PHOTO STORY- In Bonkulu, a small village about 30 kilometers from Bandundu city, young girls are caught early in marriage and pregnant before puberty. The Bonkulu Youth Association is mobilized through educational talks to end child marriages in Kwilu. Discover the report of our Photographer Gwenn Dubourthoumieu.
Informal educational talks as a weapon against child marriages
Today, Teddy and Chantal have committed themselves to endingearly pregnancies and child marriages in Kwilu . Nevertheless, the first time that the community mobilizers of the Youth Association of Bonkulu, a small village about thirty kilometres from Bandundu, in the Kwilu province, came to visit them, they rejected the idea of not marrying their daughter very young, arguing it was the custom and she would be teased if she turned 16 still a “spinster.”
« A child is not capable of taking care of a home »
« Convincing someone doesn’t happen overnight ! », explains Jean-Claude Kalimdu, 24 years old and member of the Youth Association of Bonkulu. “After three rounds of informal educational talks, Chantal promised us that she would think about it. It was only during our fourth meeting that she and her husband agreed to sign a formal commitment.” Even so, Chantal, married at 12 years old, greatly suffered during her first years of marriage. “My wife was too young for marriage. It was very complicated, there was a lot of misunderstanding and a lot of violence. For about seven years, I beat her. But I was also unhappy myself” now admits Teddy. “The discussions with the community mobilizers helped us realize that a child is not capable of taking care of a home, and that getting married too young fosters domestic violence. We do not want our children to suffer the same fate.”.
Mobilized youth change behaviours about child marriages in Kwilu
« Informal educational talks help to understand people’s real problems,” notes Jean-Claude, enthusiastically. “The CANACU NGO (Community of Friends of Nature and Culture) sometimes organizes theater performances with the support of the European Union, on issues related to gender equality, to marriage registration, and to child marriages in Kwilu. We pick up these themes. And even though these issues are real taboos in our village, in the intimate setting of the household, people confide in us more easily. They speak more freely, allowing problems to be solved.”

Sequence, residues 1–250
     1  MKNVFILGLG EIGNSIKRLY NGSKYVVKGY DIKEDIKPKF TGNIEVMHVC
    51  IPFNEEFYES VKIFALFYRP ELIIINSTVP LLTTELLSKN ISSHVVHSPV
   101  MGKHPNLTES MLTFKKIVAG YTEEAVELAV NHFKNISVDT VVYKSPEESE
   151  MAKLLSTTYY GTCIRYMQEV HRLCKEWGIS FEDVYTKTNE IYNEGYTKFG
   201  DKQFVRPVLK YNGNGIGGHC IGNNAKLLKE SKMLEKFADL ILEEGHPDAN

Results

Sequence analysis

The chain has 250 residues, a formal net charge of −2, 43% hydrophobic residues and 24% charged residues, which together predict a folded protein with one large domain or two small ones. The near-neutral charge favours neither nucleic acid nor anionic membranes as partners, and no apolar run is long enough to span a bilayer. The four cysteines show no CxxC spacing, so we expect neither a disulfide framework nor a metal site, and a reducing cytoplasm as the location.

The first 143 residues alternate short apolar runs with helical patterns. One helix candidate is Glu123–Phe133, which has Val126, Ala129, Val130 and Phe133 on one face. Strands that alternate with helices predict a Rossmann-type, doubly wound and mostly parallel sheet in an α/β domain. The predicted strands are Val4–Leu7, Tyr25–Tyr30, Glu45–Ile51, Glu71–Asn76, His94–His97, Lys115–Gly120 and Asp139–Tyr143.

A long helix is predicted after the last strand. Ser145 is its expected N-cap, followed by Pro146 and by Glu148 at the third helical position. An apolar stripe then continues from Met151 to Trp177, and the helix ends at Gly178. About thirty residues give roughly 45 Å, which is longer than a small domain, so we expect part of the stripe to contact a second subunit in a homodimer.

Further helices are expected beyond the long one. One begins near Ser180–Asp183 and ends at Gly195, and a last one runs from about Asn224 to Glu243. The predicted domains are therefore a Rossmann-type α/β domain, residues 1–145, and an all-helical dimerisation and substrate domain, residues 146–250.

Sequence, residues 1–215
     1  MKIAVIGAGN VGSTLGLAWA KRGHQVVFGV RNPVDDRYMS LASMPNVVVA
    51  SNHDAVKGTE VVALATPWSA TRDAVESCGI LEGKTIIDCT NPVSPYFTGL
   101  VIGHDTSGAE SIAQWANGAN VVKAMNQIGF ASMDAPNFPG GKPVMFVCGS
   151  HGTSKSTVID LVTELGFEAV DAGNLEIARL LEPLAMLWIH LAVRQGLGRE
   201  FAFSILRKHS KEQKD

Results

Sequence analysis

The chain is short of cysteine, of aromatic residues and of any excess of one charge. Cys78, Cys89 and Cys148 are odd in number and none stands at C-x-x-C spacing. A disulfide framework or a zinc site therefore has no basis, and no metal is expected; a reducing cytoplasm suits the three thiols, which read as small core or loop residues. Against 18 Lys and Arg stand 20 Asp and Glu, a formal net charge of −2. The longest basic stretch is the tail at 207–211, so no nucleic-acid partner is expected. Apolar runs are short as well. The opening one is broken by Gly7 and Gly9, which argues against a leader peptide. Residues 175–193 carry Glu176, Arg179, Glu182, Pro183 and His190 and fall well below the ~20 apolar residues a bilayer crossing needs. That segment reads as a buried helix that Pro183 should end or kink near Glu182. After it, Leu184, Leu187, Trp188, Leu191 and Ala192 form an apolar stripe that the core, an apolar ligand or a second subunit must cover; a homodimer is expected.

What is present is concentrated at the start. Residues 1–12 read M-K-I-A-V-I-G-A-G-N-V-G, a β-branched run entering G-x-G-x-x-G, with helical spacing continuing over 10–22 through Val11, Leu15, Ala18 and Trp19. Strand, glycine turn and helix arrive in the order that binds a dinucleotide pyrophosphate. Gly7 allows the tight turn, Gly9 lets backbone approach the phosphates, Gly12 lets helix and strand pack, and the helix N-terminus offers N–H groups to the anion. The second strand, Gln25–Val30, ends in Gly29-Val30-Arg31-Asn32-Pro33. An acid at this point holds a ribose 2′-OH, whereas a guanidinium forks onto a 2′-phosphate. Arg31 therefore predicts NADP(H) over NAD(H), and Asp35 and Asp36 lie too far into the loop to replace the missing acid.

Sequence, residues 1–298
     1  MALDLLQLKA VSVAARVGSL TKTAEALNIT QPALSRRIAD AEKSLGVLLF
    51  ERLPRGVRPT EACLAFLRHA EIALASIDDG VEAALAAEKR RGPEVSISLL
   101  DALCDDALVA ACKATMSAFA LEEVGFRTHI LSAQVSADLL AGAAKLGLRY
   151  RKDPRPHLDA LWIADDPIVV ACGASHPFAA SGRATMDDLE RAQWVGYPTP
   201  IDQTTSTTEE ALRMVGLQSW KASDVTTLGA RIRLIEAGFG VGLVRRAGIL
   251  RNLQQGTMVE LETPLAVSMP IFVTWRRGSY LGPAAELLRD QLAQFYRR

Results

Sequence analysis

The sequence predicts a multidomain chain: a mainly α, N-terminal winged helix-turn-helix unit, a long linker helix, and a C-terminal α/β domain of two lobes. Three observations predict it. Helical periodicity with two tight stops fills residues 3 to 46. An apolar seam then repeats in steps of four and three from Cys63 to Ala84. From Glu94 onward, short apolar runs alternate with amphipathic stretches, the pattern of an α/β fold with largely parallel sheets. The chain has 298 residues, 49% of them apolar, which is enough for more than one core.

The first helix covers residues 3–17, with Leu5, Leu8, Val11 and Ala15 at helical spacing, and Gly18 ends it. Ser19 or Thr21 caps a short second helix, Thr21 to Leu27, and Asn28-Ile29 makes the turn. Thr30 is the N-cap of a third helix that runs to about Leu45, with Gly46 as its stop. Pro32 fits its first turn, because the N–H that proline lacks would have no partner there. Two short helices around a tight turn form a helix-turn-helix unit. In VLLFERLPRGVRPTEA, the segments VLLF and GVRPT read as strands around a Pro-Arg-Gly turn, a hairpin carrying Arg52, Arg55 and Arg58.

The youth of Bonkulu thus defuse many marital quarrels. They also contribute to the tangible change in behaviours. This year, 60 girls are enrolled in secondary school, compared to 20 last year. Even then, 15 had abandoned their education mid-year due to pregnancies.
Women and men, progressing together
Through the ‘’Men and women moving forward together ‘’ programme, UNICEF and the Ministry of Gender, Family and Children’s affairs, with funding from the European Union, wish to act on all types of gender based violence and their root causes.
Learn more about education in DRC
Photo: UNICEF RDC 2016 Dubourthoumieu
Translated from French by Lisa Berthelot
Gwenn Dubourthoumieu s’est intéressé à la photographie alors qu’il travaillait en Afrique pour des ONG humanitaires. Professionnel depuis avril 2010, son travail est régulièrement récompensé. Il travaille régulièrement pour UNICEF RDC en tant que consultant photographique.
Gwenn Dubourthoumieu became interested in photography while working in Africa for humanitarian NGOs. Professional since 2010, his work is regularly rewarded. He's a photography consultant for UNICEF DRC.
Latest posts by Gwenn Dubourthoumieu (see all)
- A doctor fights a health and nutrition crisis in Kasaï - 25 May 2017
- Informal educational talks to end child marriages in Kwilu - 16 May 2017
- Education in Kwilu against the weight of tradition - 10 May 2017
- Child Reporters turned to equality and the future in Bandundu - 4 May 2017
- A participatory theatre to put an end to child marriage in Kwilu - 2 May 2017